People most frequently experienced fatigue and headaches more than four months after receiving Covid-19, according to a research published last month. Unfortunately, there was a long list of additional symptoms that persisted, such as muscle aches, coughing, altered taste and smell, fever, chills, and nasal congestion. In the journal “Science Direct,” researchers from the Medical College of Georgia disclose their findings. “Our results confirm the accumulating data that there are chronic neuropsychiatric consequences following Covid-19 infections,” they noted in their article.”

 

The corresponding author of the paper, Dr. Elizabeth Rutkowski, an MCG neurologist, said, “There are numerous symptoms that we did not know what to make of early in the epidemic. But it is now clear that there is a widespread Covid condition and that many people have it.”

 

Infections of the respiratory system

According to a study published last month in August by researchers from the Medical College of Georgia, who reported their findings in the journal “Science Direct,” it is anticipated that humans will first become infected with SARS-CoV-2, a coronavirus linked for many years to upper respiratory tract infections like the common cold in humans, in late 2019.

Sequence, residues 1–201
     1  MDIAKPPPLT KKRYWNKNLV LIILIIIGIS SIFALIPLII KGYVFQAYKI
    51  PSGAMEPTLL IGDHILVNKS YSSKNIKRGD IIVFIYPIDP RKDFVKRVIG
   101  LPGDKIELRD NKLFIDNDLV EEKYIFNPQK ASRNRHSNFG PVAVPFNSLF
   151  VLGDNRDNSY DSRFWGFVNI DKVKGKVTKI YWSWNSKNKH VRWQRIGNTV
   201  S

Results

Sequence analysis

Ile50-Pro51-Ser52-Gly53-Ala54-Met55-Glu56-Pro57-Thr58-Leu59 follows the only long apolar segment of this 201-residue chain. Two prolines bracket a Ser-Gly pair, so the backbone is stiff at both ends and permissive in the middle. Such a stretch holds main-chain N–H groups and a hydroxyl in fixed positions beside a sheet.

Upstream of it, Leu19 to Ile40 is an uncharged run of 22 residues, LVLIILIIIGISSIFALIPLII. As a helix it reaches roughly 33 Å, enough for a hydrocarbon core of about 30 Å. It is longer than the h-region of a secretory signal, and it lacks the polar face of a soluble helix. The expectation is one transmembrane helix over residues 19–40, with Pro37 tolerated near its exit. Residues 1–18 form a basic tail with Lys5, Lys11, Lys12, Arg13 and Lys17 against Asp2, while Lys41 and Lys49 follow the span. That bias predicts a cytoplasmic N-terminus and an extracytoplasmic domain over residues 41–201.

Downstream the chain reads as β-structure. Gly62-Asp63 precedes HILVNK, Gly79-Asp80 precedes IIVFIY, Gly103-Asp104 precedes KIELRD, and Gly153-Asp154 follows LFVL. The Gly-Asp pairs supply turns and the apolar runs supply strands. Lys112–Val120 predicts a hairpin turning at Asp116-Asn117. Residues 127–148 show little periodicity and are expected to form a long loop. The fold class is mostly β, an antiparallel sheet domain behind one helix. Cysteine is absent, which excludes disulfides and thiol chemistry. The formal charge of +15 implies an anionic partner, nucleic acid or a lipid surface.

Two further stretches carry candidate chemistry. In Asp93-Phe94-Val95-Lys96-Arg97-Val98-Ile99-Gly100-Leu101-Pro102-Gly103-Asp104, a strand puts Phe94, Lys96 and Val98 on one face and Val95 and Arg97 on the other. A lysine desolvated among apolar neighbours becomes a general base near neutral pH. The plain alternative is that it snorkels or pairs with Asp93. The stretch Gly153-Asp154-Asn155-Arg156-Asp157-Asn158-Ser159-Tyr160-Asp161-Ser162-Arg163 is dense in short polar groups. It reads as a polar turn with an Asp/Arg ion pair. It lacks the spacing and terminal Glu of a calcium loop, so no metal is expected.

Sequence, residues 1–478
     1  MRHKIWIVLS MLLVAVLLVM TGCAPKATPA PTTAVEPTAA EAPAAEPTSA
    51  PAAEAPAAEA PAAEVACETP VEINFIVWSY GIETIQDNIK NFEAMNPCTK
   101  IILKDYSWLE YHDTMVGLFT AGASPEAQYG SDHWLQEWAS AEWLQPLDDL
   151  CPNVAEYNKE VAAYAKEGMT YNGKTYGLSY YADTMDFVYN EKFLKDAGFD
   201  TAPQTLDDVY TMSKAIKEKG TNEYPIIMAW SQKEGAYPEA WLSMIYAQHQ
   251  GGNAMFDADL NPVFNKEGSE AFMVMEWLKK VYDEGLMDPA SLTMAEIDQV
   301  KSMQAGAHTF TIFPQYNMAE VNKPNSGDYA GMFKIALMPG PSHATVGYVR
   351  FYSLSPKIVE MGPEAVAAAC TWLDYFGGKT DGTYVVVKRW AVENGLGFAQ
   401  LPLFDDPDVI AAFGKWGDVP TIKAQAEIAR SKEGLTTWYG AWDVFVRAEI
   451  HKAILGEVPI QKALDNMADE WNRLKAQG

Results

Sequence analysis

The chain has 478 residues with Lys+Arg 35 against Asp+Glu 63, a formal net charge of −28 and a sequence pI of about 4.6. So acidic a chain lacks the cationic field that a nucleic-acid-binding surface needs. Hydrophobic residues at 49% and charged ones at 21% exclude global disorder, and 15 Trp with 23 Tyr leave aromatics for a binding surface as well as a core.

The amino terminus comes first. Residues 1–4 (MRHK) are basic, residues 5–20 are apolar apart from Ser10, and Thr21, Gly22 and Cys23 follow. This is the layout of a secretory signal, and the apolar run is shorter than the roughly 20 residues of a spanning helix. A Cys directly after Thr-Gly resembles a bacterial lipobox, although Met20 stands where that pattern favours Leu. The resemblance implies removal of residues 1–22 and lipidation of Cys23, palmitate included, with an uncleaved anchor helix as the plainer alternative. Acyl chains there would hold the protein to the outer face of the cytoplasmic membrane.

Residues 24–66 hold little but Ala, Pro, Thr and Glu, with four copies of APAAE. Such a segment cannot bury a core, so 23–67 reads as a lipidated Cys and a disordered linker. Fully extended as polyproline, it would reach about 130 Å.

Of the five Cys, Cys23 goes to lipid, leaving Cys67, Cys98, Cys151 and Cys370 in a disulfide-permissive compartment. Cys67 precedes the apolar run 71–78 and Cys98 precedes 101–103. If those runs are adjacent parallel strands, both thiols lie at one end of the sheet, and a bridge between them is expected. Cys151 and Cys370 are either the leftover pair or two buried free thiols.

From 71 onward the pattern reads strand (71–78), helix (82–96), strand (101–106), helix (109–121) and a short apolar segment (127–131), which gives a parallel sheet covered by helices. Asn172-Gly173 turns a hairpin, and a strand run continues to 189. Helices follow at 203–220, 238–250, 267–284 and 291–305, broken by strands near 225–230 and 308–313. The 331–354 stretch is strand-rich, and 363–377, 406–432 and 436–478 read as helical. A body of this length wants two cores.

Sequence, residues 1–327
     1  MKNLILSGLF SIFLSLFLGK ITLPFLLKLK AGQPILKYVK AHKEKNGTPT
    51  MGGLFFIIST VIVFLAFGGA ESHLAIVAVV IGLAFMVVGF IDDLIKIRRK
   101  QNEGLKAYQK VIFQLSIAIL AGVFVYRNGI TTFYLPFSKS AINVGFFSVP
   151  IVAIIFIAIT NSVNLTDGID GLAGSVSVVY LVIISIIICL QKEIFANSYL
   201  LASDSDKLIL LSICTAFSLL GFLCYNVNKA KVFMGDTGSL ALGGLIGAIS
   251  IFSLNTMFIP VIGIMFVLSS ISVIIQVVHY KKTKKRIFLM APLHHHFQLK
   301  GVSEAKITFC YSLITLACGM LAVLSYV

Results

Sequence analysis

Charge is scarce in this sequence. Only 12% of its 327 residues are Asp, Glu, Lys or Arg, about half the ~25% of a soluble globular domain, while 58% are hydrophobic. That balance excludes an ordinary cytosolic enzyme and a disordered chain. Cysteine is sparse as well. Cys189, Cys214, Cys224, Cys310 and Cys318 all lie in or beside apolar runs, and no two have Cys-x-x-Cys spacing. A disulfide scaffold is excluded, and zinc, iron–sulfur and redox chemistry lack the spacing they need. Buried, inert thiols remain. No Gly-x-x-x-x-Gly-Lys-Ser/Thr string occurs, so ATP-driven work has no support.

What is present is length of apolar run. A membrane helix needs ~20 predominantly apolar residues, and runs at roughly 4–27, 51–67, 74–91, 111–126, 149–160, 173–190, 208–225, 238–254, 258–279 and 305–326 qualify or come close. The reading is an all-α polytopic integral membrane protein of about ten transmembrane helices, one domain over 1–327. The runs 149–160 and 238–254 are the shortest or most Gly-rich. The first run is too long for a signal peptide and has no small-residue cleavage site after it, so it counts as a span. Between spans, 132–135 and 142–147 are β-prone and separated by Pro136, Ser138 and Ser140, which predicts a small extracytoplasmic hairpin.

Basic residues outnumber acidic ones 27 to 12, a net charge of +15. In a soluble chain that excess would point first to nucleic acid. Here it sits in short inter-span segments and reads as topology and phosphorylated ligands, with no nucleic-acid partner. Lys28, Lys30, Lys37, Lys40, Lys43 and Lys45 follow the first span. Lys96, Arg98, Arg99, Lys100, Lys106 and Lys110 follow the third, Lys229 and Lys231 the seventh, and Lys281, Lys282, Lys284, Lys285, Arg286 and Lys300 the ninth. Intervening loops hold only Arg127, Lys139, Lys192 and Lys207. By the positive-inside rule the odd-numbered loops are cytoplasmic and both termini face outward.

In particular, experience and study since the start of Covid-19 have demonstrated that acute neurological consequences can include loss of taste and smell, brain infections, headaches, and, less commonly, seizures, stroke, nerve damage, or death. The researchers point out that there is mounting evidence that certain disorders, such as loss of taste and smell, cognitive impairment, extreme fatigue, depression, anxiety, and insomnia, might persist over time. The term “long Covid” is now used to describe these and other chronic effects.”

 

neurological conditions

The second wave saw a rise in brain and heart-related problems, according to Dr. Devi Prasad Shetty, the Chairman of Narayana Health and an Executive Director. He added that more information was needed. Dr. Shetty stated, “There was obviously a little increase in the rate of Covid patients acquiring clot forms, and clots in the brain or in the heart, particularly during the second wave. However, we didn’t notice that pattern until the second wave. However, we need more data before we can determine whether this is actually the case. Nevertheless, we did observe a somewhat greater incidence of heart disease and brain stroke.”

 

According to Dr. Manjari Tripathi, a professor of neurology at AIIMS, “post-Covid 19 neurological disorders are definitely on the rise because of effect on the brain, whether it is a decrease in memory or dementia, or strokes, Guillain-Barre (GB) syndrome, which is a neuropathy, severe neuropathy, and worsening of seizures and epilepsy. Therefore, this is well-known from a neurological perspective. Indeed, the heart is also impacted. There is more myocarditis and people are arriving with heart attacks that are occurring earlier in life.”